Primary B Cell Cutaneous Lymphoma

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This entry looks at primary B cell cutaneous lymphoma, one of the subtypes of lymphoma. 'Lymphoma' is an umbrella term that loosely refers to several dozen independent categorical types and subtypes of cancers of the lymphatic system.

B Cell Cutaneous Lymphoma

A cutaneous lymphoma refers to several subtypes of lymphoma that affect the skin. These subtypes include:

And of course there are a few more, including primary B cell cutaneous lymphoma, in which B cell lymphocytes in the skin become cancerous.

B Cell Cutaneous Lymphoma

Primary B cell cutaneous lymphoma is a non-Hodgkin's lymphoma the origin of which is in the skin (thus the term 'primary'). If the disease spread to the skin from a different primary site, it would be considered secondary B cell cutaneous lymphoma and therefore a systemic disease. This however is extremely rare; it is exceedingly more common for primary B cell cutaneous lymphoma.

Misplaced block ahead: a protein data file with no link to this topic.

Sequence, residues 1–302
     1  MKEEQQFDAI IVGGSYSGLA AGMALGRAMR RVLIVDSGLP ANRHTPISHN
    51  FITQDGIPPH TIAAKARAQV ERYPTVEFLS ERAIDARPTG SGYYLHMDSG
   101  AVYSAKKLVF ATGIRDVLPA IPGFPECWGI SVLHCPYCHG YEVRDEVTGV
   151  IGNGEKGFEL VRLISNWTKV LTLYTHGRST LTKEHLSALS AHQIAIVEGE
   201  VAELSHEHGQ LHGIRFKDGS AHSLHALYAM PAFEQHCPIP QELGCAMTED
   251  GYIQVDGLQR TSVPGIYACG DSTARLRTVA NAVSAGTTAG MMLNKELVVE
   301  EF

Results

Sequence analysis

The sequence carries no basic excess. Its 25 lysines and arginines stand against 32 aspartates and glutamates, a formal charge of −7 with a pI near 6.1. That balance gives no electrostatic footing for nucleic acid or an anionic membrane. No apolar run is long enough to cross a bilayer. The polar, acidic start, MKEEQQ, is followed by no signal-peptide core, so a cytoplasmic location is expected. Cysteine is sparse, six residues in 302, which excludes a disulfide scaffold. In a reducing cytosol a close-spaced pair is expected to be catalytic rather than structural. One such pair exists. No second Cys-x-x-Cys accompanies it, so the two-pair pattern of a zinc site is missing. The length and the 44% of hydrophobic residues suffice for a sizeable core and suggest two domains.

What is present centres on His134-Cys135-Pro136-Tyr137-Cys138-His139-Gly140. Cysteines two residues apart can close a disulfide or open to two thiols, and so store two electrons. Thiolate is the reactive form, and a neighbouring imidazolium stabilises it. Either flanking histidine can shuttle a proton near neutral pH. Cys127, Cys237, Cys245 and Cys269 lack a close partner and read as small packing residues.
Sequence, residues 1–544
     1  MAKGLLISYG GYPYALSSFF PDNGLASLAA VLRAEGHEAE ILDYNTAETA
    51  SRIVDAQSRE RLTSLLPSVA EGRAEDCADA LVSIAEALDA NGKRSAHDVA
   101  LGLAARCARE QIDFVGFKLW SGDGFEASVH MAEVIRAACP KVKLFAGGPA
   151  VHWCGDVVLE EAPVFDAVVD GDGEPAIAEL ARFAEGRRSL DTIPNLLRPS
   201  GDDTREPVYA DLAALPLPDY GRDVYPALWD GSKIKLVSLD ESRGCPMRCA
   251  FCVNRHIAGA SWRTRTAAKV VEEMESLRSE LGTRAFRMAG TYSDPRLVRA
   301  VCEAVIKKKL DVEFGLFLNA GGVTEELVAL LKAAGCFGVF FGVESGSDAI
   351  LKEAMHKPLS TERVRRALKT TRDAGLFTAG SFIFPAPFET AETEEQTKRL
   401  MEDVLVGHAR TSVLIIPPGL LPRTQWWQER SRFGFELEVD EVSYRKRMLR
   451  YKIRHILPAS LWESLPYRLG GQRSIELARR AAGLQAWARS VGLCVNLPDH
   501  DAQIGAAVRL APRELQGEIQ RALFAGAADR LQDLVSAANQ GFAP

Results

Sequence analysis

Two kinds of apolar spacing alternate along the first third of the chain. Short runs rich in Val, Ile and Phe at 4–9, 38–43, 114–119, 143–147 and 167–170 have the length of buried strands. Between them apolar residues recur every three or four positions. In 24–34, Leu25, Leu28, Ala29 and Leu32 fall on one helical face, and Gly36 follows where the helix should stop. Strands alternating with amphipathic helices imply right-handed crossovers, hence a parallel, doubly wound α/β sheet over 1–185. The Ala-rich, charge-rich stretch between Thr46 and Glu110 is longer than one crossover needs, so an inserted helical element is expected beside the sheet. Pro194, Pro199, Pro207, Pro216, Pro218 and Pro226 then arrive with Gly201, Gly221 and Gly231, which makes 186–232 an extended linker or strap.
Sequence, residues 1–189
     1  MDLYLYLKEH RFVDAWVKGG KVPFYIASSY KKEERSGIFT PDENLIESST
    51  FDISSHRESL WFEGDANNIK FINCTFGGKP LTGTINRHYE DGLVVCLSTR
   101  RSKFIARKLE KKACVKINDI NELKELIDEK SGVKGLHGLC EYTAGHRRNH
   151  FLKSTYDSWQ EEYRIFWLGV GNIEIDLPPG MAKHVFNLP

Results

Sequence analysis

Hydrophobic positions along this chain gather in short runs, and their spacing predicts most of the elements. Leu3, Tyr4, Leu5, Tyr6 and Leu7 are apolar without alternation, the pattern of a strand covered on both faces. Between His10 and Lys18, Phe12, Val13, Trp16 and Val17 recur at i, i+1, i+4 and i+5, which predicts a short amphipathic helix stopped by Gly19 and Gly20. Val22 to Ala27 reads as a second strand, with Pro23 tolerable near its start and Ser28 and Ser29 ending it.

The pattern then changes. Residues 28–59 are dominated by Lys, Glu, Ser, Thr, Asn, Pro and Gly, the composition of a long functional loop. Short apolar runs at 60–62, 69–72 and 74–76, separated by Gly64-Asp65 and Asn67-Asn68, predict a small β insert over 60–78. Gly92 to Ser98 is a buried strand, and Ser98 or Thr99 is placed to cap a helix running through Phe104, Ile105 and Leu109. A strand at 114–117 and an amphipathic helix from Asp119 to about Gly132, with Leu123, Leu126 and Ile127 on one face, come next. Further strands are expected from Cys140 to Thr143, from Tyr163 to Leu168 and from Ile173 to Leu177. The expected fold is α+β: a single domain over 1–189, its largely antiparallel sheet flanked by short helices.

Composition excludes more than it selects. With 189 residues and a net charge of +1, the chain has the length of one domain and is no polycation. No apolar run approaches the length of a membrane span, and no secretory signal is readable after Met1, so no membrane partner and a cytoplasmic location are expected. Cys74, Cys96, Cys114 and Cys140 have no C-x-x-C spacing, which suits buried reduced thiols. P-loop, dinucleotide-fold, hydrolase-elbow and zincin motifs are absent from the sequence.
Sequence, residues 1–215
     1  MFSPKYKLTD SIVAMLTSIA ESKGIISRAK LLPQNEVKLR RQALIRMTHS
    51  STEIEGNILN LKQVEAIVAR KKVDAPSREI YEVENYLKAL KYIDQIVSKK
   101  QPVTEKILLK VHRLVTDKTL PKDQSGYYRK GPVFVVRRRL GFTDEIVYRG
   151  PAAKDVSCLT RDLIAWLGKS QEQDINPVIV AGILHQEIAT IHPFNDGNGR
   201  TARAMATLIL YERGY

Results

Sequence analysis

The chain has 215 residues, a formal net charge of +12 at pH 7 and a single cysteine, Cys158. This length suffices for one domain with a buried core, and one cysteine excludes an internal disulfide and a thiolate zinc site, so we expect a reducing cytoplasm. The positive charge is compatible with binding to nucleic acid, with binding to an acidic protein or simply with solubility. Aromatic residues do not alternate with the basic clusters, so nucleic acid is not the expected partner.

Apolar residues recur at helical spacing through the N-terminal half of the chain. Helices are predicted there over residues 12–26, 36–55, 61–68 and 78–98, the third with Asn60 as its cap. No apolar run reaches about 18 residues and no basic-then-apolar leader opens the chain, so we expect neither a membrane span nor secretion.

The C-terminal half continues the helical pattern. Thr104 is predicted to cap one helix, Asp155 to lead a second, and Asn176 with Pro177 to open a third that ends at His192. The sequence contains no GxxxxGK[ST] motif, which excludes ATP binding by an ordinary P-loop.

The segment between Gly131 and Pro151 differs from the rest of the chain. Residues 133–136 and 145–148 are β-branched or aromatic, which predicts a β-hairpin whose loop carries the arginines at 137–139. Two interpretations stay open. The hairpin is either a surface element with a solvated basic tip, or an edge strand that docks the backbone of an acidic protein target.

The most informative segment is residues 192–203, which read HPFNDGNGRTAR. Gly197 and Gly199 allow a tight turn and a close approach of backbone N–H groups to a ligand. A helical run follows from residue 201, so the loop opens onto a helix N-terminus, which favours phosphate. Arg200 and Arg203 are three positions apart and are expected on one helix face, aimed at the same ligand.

There are a handful of subtypes of primary B cell cutaneous lymphoma. They are:

  • Primary cutaneous follicle center cell lymphoma (indolent)
  • Primary cutaneous marginal zone B cell lymphoma (indolent)
  • Large B-cell lymphoma of the leg (intermediately aggressive)

B Cell Cutaneous Lymphoma Treatment

Initial treatment for lower-stage primary B cell cutaneous lymphoma will involve at least one or more of the following therapuetic options:

  • Locoregional radiotherapy
  • Excision (surgical removal)
  • Observation (only for certain cases)
  • Topical applications

B Cell Cutaneous Lymphoma Prognosis

In general, primary B cell cutaneous lymphoma has an excellent prognosis, with a high cure rate (around 90%) when the appropriate treatment option is used. Although prognosis is very good, recurrence is not uncommon.

Sources

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